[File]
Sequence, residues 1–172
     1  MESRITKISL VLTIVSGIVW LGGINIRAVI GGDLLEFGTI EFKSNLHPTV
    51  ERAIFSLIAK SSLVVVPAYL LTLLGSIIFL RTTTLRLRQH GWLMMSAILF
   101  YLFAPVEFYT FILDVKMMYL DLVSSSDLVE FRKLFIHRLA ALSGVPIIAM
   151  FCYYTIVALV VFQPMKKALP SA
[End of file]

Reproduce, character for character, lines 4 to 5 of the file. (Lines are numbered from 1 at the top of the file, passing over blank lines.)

   101  YLFAPVEFYT FILDVKMMYL DLVSSSDLVE FRKLFIHRLA ALSGVPIIAM
   151  FCYYTIVALV VFQPMKKALP SA